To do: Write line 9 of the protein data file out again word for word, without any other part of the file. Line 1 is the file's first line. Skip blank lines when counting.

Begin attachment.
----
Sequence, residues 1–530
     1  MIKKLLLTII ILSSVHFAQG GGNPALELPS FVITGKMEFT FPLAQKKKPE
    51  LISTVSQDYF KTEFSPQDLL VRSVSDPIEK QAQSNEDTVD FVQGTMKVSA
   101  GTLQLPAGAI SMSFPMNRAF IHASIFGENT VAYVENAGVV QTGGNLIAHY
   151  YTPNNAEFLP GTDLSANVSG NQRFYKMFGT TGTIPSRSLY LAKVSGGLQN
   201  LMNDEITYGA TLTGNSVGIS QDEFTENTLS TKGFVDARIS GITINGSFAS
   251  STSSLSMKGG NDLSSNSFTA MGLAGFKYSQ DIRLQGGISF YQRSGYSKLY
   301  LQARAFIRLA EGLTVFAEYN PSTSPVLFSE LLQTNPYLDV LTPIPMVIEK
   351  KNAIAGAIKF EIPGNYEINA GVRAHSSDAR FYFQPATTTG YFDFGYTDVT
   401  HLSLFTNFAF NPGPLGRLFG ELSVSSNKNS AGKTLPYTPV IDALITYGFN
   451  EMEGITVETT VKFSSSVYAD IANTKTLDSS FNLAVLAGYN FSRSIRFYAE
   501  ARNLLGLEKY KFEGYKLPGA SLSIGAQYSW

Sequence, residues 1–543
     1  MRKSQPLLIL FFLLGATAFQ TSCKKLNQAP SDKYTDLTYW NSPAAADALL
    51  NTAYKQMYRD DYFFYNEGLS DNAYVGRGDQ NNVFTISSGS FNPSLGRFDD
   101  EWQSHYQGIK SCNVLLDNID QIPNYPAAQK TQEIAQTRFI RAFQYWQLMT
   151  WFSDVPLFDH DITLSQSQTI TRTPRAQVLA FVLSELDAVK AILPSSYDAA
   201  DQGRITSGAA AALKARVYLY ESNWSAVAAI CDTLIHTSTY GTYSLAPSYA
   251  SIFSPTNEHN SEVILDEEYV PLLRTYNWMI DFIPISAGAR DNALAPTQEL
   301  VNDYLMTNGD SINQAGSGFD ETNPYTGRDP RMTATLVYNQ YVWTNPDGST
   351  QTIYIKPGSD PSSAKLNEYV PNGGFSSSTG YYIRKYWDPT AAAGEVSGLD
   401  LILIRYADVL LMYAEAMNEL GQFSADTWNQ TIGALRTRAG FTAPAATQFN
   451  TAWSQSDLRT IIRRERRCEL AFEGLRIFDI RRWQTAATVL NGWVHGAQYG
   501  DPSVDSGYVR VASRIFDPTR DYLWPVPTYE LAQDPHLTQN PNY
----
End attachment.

   351  KNAIAGAIKF EIPGNYEINA GVRAHSSDAR FYFQPATTTG YFDFGYTDVT